Read our post about the other health benefits from sleeping with your pup

#7 Tug of War

I have always been hesitant about tug of war because I thought it increased aggression. Actually, with proper boundaries, tug of war can be a great way for your dog to burn off some energy and increase their confidence.

To create the proper boundaries:

  • You should be the one that introduces the game and dictates when it is played
  • If your dog touches you the game is over
  • Practice the “drop it” command before you begin. 
  •  If your dog does not drop it on request, the game is over. Hold onto the toy but let your arm relax until they release. 

If you have a dog with a history of aggression, make sure there are no other dogs around when playing, and consult a vet or behaviorist to confirm this is a good game for your pup. 

#8 Snack Time with Homemade Treats

Change up their boring snacks with some homemade DIY snacks. They will be engaged in the cooking process by watching you in the kitchen and then will enjoy a special afternoon treat. Try these Peanut Butter and Pumpkin Dog Treats.

Spa-Day Things to Do with Your Dog Indoor

Dog Massage

#9 Doggie Massage

Doggie massage strengthens your bond with your pet and may increase their circulation and mobility. There is still limited research on the health benefits of doggie massage, but it is all the rage in the holistic dog world. If you can’t find a local doggie-spa that offers the service, Moderndog Magazine breaks down how to do it at home. 

#10 Paw-icure

This may sound like a stressful activity for dogs that are not in love with having their nails cut. If that is the case, schedule some time to sit down with your pet and massage their feet while giving them some high-value treats. You can eventually work up to clipping their nails.

For the dog that already loves a good nail clipping, add a massage with some paw salve. There are even nail pawlish kits in a variety of colors for the full Paw-icure treatment. 

Social Things to Do with Your Dog Indoors

Dog Birthday Party

#11 Doggie Playdate

Set-up a Doggie Playdate with your pup’s bestie. They can squeeze in some social time while expending a ton of energy. If your dog isn’t getting out and about as much during the colder months, it may be smart to prioritize scheduling some social time. 

#12 Dog Party

Our dogs give us so many daily cuddles and licks of appreciation. It only makes sense to celebrate them regularly. Whether it’s a Birthday, Gotcha Day, or just a Wednesday, take some time to party with your pup. 

Invite some friends, break out the party hats or bandanas, and celebrate with a dog-friendly cake. Before you send everyone home with a goodie bag, make sure to commemorate the day with plenty of pictures.

#13 Create a Social Media Fan Page

What is the unique thing about your pet? Use it to set-up their Instagram fan page. Then spend time each day taking a fun photo with your pet. 

While this may not seem like an activity for the dog, it does take training and engagement to pull off a photoshoot. They will enjoy the attention both in real life and on social media. Don’t forget the hashtags!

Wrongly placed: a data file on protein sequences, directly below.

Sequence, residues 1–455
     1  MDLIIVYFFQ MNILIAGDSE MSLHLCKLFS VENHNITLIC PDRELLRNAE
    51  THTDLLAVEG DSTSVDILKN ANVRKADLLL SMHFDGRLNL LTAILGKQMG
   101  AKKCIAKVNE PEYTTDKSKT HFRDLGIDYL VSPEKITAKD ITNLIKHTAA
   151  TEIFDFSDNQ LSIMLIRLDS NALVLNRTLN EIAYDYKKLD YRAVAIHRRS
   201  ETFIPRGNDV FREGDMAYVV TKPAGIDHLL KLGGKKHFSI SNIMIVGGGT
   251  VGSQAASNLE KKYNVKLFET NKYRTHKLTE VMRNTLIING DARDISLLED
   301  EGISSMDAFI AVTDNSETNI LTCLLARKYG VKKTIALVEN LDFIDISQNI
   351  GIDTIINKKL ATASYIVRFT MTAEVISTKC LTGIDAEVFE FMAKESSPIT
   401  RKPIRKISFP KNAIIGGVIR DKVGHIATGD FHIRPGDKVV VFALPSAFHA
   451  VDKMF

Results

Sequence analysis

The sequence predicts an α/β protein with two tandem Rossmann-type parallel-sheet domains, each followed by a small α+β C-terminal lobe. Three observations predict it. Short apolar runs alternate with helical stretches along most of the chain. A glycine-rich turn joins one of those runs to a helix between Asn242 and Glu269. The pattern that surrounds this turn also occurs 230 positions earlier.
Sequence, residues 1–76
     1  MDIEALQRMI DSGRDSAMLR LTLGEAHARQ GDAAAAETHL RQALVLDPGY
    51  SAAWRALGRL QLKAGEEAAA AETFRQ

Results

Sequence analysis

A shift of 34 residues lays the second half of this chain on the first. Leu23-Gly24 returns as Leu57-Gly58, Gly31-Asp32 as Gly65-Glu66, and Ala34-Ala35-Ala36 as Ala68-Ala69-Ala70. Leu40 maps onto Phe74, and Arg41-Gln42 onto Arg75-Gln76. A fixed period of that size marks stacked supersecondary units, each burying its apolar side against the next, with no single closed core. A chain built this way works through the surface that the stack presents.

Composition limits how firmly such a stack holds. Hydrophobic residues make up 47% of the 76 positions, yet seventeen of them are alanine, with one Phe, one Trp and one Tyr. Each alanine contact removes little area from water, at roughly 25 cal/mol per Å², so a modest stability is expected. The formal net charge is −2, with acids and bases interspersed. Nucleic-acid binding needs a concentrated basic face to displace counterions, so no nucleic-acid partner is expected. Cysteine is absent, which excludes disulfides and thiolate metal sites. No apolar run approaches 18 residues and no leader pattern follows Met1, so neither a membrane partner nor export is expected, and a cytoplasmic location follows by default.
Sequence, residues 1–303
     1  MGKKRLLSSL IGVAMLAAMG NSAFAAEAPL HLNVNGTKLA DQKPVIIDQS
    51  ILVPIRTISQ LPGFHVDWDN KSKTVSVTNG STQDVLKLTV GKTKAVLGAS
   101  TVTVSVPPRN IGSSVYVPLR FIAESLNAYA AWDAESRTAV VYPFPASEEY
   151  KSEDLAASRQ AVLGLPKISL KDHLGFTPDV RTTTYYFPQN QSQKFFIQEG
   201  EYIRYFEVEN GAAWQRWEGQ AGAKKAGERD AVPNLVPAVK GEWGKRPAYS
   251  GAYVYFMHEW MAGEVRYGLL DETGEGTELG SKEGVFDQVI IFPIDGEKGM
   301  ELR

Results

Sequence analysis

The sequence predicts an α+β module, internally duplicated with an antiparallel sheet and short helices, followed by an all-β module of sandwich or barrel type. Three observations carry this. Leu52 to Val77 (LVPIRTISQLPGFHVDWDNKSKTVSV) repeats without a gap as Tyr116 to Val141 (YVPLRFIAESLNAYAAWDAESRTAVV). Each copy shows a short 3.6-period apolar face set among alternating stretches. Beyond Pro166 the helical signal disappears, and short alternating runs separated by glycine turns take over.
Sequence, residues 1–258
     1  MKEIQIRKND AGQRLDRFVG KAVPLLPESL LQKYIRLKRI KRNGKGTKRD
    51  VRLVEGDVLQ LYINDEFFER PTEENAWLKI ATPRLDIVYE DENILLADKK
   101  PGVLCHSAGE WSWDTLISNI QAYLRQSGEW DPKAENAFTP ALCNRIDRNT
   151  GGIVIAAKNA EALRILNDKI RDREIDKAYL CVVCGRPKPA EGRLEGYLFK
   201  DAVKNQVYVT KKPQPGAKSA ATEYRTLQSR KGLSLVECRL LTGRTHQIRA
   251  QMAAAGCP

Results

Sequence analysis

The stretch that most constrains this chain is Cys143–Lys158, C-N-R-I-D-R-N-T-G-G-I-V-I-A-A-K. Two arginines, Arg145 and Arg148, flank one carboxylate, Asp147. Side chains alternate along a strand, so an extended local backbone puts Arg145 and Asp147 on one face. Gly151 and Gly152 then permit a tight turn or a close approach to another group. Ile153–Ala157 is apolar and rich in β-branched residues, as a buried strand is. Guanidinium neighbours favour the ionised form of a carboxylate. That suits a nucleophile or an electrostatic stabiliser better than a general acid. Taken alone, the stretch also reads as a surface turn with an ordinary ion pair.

Game Type Things to Do with Your Dog Indoors

dog food puzzle

#14 The Reliable Kong

There is always the old reliable Kong that you can stuff with peanut butter or easy cheese and freeze. There are thousands of Kong stuffing recipes if you want to take it to the next level. No matter what you freeze inside it, a Kong will give your pup at around 30 minutes of engagement. 

#15 Play Hide and Seek

The dog version is slightly different from the game we played on the playground. In this version, we are hiding a dog toy. The first step is to choose a toy that your dog loves and hide it in front of them. Then ask them to find the toy. Once they catch on to the game, make them sit outside the room while you hide it, and then bring them in. As they get better at the game, you can increase the hiding place’s difficulty. 

This is August’s favorite game. I will often find one of his favorite hide-and-seek toys at my feet while working as a hint he is ready to play. 

#16 Food Puzzles

Food Puzzles are a great way to keep your dog engaged. Even more so if they are food motivated. 

There are plenty of food puzzles that you can purchase, but you can create a simple version with a paper towel tube. Cut some kibble size holes in the paper towel tube, add kibble, and cap the ends. It’s like a cardboard version of Jeopardy.

#17 Snuffle Time

A Snuffle Mat looks a bit like a bath mat with small pieces of fabric tied to it. You hide kibble or treats in it and your dog has to use their nose to find the food. It’s a great way to distract them if they are barking at the mailman or doing something destructive. You can DIY them, but since you need to wash them regularly, I prefer to purchase a well-constructed version. 

We actually feed meals to our hound dog using the snuffle mat. It has been a game-changer. You can read all about how we won dinner with the Snuffle Mat here.

#18 Wild Sits Game